Setup: 1/3 cup of stone ground rolled oats, two dinner teaspoons of potato flakes, one cup of broth (turkey, this time), salt, one fat dinner tablespoon of goat cheese.  Cook for 10 minutes or so, depending on the exact style of oats.  Add the cheese either at the start about a minute before you’re done (depending on how much of its own identity you want it to keep), and the potato when you take it off the stove.

Results: Acceptable. Like mixing in a fat tablespoon of ricotta, or maybe some sour cream. Adding the dregs of a jar of figgy jam helped immensely.

Rating: *****

Girls und Panzer – The Anzio OVA

February 4, 2015

Last summer saw the release of “This is the Real Anzio Battle!” Original Video Anime, a double-length episode that falls at the end of Episode 7 in the TV series. I, of course, ordered it, despite the minor problem of it being all in Japanese, with no subtitles. It came this week.

First thing I noticed was that it was packaged for the Japanese market. That is to say, no security tags and no impenetrable seals. Break the flimsy plastic wrap and you’re in. Additional swag is minimal — a book of screen-shots and tank specs, and another one of character pencil sketches.

Watching it in Japanese without subtitles was fun, and frustrating, because I can only pick up one word in twenty or thirty (OK, forty). On the other hand, this was GaruPan at its finest, and much of it didn’t need translating. The one place I missed it most was the meeting between Suzuki Takako (AKA Caeser) the Roman history expert and gunner loader for the History Club’s Hippo Team and Hina-chan (AKA Carpaccio), a childhood friend with a similar interest in things Italian, now attending Anzio. Her full name might be Tsukoda Hina, if I heard one discussion correctly.

I won’t go into a lot of detail, because spoilers, but there are some key plot aspects that I think it’s OK to talk about: like Yukarin pulling another intelligence mission onto the Italian school ship (based on the never-completed WWII Italian carrier Aquila), and the fact that, this being an Italian school, food plays a big part (Yukarin has a plate of the Anzio School’s idea of omurice — omuspaghetti). Much of the first half is a training montage, with the Volleyball Team playing the part of the Anzio CV33s.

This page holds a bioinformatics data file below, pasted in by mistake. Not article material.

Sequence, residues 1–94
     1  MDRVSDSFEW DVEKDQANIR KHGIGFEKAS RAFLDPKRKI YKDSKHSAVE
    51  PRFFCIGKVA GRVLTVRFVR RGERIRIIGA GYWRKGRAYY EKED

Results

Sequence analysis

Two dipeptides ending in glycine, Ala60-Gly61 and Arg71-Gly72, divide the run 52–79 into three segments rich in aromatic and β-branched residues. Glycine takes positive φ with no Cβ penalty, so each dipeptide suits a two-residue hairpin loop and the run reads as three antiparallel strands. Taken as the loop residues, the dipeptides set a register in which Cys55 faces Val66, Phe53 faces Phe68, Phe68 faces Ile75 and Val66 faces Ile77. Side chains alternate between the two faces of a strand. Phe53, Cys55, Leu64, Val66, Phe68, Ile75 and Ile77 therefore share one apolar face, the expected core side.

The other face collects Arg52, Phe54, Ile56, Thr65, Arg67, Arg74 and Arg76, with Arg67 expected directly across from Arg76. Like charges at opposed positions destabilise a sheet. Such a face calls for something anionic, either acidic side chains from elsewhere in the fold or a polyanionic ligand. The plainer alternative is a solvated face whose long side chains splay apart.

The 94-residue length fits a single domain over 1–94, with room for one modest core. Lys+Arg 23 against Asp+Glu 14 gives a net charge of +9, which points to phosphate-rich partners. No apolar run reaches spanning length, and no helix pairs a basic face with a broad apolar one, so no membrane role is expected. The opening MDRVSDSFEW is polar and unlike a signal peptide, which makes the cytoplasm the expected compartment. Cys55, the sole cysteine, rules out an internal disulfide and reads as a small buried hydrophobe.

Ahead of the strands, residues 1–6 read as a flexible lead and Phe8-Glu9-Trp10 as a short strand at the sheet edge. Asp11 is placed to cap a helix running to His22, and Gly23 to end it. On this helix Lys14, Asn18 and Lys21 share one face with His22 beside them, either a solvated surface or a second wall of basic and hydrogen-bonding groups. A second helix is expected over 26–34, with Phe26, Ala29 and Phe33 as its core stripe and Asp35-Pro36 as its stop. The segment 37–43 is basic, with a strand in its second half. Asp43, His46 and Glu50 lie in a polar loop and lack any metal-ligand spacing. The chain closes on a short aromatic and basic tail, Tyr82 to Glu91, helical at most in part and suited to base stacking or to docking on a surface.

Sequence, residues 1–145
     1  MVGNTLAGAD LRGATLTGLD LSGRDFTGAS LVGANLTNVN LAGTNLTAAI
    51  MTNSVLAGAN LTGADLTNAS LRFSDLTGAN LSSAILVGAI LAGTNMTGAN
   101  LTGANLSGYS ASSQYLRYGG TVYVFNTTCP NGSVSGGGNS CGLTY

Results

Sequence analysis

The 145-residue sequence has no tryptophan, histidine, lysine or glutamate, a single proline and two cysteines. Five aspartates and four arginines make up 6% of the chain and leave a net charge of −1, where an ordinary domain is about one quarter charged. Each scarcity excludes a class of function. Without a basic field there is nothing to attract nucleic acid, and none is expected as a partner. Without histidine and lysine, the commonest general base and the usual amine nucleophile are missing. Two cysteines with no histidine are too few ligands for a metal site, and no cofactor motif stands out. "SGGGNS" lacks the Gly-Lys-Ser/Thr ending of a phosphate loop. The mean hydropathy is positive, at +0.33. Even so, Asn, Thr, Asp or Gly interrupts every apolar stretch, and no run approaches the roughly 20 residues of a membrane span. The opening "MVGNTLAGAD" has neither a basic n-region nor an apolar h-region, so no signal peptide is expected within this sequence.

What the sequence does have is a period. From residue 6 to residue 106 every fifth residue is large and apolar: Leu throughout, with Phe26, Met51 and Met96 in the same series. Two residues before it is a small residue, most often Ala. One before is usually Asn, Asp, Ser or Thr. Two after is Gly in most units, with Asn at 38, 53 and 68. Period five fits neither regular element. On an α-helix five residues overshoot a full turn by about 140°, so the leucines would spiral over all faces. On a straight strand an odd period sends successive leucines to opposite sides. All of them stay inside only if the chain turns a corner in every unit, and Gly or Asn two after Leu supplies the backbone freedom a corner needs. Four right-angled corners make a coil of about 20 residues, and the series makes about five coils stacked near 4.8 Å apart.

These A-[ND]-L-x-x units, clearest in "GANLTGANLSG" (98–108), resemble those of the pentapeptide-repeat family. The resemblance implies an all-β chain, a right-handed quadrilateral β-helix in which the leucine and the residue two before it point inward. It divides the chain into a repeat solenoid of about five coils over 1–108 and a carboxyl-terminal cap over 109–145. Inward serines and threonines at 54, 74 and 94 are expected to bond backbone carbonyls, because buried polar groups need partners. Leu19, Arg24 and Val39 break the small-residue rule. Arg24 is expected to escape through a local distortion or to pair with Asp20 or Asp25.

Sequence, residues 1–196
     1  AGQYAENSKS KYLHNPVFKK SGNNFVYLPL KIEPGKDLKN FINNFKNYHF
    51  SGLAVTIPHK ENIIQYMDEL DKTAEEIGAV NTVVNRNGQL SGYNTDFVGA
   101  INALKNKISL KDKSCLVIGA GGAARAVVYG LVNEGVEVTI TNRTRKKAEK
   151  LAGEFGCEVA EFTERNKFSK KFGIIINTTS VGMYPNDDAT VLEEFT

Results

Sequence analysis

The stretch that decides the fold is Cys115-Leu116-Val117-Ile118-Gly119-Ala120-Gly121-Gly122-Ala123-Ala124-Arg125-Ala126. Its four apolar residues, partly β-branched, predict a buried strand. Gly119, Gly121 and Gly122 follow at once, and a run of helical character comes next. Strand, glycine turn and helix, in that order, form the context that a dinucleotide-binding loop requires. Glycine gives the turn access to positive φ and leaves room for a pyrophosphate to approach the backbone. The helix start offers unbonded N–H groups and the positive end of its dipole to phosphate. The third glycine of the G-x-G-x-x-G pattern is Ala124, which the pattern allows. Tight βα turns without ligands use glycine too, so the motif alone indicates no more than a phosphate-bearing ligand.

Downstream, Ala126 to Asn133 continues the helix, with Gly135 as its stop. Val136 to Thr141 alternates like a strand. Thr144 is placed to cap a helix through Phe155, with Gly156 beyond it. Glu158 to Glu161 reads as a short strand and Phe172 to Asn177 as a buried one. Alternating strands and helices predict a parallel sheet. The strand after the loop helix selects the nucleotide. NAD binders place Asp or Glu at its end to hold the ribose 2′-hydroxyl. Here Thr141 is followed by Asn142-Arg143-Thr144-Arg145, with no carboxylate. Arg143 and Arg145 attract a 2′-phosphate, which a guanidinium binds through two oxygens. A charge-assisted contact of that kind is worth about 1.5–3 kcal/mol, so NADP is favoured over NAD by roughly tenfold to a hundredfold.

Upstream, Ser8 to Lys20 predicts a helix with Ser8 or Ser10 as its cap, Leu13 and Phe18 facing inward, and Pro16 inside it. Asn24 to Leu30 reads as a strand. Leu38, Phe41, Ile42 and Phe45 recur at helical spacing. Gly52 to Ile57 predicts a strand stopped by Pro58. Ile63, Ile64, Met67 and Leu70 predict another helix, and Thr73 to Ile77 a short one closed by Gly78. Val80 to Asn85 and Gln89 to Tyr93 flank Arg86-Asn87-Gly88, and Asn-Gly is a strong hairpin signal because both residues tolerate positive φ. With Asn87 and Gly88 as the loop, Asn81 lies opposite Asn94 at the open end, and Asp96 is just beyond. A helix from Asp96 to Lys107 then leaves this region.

The Anzio tanks are typical of the poor-quality systems Italy fielded in WWII, all the more so because Anzio’s finances are in a typically Italianate state of disrepair. Their big gun tank is a Carro Armato P-40 (75mm gun), equivalent to the PzKwIV, purchased with their lunch money; they have several M41/Semovente 75/18 self-propelled guns, equivalent to the Hippo Team’s STUG III with Caeser‘s friend Carpaccio as the gunner loader for one of them; and a bunch of cute little CV33’s, more properly called tankettes.

They're not much, but they're all we could afford

They’re not much, but they’re all we could afford

On the Oarai side we only have the original five tank teams – we see the Porsche-Tiger being overhauled, and the Hall Monitors have only just signed up.

The battle itself takes up most of the last half of the OVA. It starts with a [redacted] surprise, and soon breaks up into a running fight between the P40 and PzKwIV, a slugfest between Caeser and Carpaccio in their self propelled guns, and everybody else and all the CV33’s that are scampering around. It’s exciting and hilarious at the same time. It ends with a re-enactment of the closing scene from Episode 7, after which there’s a party. And after the final credits, which for once include the opponent’s tanks and not the Oarai tanks, we find out why “Duce” Anchovy didn’t show up in Episode 11 to congratulate the Oarais.